Back in August 1992, household electrical appliance manufacturer Hoover launched a marketing promotion in a bid to move surplus vacuum cleaner and washing machine stock from its warehouse in the pre-christmas period.
The promotion promised free airline tickets to any customer that spent £100 or more on the company’s products and the offer initially provided two round trip tickets to Europe in return for the purchase, but this was later expanded to include flights to the USA.
As one would expect, the general public took up the offer with great gusto and Hoover quickly found itself to be overwhelmed by the demand for new vacuum cleaners, flight availability and the cost of the flights. The simple reality is that they had not anticipated the projected demand – the promotion proved far too generous.
This was the days before budget airlines, so air travel was still a pursuit that was restricted mainly to the well-heeled and as a result, it still retained an element of glamour.
The promotion remains legendary in marketing circles as a prime example of how not to run a sales promotion and despite being a flawed idea from the beginning, the company made things worse for itself by not adequately taking on board just how serious the situation was getting.
As their travel partners for the European end of the promotion struggled to deal with the deluge of requests for free flights, the company then made the ill-fated move of launching a second promotion that provided flights to the USA. The subsequent TV advertising campaign served the purpose of reminding those customers that had not yet claimed their flights for the European campaign to hand in their vouchers as a result of the tagline: “Two return seats: Unbelievable.”
What compounded matters further however was the inevitable media firestorm that, despite providing a wave of bad publicity for Hoover, also served to create additional awareness for the offer, thus driving up demand for the, ‘too good to be true’ deal even further.
As the situation became increasingly impossible for Hoover to manage despite the company’s attempts to limit the deluge of claims using the maze of small print written on the vouchers, disgruntled passengers began to take matters into their own hands.
One example was a Mr. David Dixon who was a horse trainer from Cumbria. He became an instant media sensation and national hero when he impounded a Hoover van that was parked at his property after a repair man had come to fix the very washing machine he had purchased to obtain the free flights.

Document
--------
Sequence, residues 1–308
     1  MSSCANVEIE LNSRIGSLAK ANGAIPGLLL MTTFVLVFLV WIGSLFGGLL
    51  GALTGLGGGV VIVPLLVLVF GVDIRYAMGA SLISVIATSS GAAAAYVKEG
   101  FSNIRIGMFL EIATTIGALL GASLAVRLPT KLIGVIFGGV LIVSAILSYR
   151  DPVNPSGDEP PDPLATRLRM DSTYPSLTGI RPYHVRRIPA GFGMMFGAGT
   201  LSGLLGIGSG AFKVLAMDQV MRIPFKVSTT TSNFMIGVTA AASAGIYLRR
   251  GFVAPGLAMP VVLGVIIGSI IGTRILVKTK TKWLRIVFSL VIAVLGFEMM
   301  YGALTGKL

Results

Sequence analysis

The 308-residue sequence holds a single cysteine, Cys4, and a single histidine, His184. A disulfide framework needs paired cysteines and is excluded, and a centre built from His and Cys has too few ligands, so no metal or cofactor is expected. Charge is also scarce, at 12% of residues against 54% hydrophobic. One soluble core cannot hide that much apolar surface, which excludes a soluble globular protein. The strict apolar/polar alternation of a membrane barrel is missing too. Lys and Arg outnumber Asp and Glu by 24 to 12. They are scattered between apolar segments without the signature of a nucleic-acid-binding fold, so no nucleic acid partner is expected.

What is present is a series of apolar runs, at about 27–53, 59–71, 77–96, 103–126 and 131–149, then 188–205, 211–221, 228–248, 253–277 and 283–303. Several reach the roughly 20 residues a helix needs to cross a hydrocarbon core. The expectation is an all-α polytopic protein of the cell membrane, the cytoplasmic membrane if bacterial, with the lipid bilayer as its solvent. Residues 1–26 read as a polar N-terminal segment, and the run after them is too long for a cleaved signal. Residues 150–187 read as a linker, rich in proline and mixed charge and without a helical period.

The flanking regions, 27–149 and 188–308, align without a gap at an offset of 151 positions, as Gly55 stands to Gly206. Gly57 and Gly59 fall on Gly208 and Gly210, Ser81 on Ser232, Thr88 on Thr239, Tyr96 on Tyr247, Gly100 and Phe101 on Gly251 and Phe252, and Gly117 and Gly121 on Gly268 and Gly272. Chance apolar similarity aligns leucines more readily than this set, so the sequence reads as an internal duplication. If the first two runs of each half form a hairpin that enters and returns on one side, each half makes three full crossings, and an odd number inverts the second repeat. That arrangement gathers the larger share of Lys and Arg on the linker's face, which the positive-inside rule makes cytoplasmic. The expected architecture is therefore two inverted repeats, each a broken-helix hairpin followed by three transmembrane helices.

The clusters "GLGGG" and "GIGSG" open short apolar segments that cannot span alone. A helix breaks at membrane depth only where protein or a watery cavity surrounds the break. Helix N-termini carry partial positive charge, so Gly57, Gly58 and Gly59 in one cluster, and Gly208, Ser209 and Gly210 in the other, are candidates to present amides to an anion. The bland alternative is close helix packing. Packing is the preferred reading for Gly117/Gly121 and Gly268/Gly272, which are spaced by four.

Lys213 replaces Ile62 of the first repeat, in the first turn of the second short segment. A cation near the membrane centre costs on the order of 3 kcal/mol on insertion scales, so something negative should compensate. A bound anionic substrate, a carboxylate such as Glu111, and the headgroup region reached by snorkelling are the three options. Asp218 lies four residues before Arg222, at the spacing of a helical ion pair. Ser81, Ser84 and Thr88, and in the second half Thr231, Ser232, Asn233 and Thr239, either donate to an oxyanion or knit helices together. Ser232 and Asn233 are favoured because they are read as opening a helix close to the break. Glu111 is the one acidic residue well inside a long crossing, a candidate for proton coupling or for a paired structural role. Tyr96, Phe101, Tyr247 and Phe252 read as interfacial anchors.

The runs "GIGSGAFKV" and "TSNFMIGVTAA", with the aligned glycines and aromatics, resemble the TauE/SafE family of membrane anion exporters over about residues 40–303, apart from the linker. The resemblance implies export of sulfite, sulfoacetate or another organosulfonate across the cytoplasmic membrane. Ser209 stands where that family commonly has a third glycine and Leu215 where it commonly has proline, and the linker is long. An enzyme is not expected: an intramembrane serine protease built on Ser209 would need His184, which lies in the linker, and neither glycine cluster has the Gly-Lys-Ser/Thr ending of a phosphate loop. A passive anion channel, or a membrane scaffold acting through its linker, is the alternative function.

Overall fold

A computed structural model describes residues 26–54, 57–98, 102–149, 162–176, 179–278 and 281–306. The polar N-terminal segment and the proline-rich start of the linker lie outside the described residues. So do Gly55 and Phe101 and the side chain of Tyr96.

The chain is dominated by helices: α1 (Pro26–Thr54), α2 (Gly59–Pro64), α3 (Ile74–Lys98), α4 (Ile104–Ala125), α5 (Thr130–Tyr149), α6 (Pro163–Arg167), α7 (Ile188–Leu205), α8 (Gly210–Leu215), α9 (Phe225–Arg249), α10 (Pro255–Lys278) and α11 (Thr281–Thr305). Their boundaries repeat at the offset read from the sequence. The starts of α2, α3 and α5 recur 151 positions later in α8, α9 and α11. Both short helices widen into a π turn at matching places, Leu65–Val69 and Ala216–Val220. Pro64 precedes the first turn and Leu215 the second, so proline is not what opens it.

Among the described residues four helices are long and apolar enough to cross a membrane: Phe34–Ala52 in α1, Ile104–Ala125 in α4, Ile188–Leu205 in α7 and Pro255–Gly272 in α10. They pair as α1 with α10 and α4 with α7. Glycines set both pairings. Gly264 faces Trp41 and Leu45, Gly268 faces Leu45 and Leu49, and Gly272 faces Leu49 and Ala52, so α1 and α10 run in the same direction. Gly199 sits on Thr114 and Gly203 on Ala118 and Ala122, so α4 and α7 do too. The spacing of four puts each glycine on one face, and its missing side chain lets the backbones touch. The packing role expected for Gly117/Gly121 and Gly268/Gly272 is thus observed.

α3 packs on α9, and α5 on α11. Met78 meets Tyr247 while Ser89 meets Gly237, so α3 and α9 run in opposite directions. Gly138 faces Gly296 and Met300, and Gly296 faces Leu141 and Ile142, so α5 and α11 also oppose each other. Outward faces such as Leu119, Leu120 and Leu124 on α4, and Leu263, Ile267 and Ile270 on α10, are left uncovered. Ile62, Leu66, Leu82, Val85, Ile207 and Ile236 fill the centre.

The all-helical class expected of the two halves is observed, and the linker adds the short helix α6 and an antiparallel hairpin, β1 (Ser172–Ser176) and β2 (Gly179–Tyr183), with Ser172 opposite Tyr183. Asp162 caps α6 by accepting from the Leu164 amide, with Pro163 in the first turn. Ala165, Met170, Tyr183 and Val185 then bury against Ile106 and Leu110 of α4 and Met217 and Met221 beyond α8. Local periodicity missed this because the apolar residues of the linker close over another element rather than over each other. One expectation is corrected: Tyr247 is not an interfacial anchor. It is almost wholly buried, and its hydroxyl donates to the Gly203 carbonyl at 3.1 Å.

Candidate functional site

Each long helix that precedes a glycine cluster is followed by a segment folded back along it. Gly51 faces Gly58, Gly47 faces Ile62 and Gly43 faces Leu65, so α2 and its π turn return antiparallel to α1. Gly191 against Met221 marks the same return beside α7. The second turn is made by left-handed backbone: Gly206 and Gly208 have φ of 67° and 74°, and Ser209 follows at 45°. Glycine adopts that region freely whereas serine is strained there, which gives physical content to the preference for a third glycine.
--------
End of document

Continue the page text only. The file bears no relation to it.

Mr. Dixon said of the incident: “There comes a time when you’ve got to make a stand, when you’ve got to say enough is enough. He said ‘If you think buying a washing machine’s going to get you two tickets to America, you must be an idiot.’ Huh! That was like a red rag to a bull. I thought to myself; ‘an idiot am I?’ I said; ‘I’m not as stupid as you are. I’m not going to have to walk home’.”
Questions began to get raised in parliament about the affair and as people across the country banded together, the Hoover Holidays Pressure Group was formed in 1993 to protest about the company not keeping its promises.
The group’s founder Harry Cichy said, “One bag to start with, then two bags, then three bags. We ended up with about 8000 members. One day a judge would phone up, next day a professor, the next minute it was a pig farmer from Gloucester.”
The campaign would go on to dominate Mr Cichy’s life for the next 6 years and it ended up taking him to the headquarters of Hoover’s parent company in Iowa.
The company soon found itself fighting legal battles up and down the country in the small claims courts as hundreds of customers began to sue the company with the help of the pressure group.
Roughly 220,000 people eventually flew as a result of Hoover’s promotion, but it went down in history as one of the greatest marketing disasters of all time and ended up costing the company over £50 million and caused an immeasurable amount of damage to its corporate reputation.
During discussions about the affair here at The W1nners’ Club, we calculated that it would have been far cheaper to force customers to accept a free Hoover vacuum cleaner every time they purchased a flight to the USA or Europe, but then we realised that this may have caused the inadvertent effect of destroying the entire aviation industry!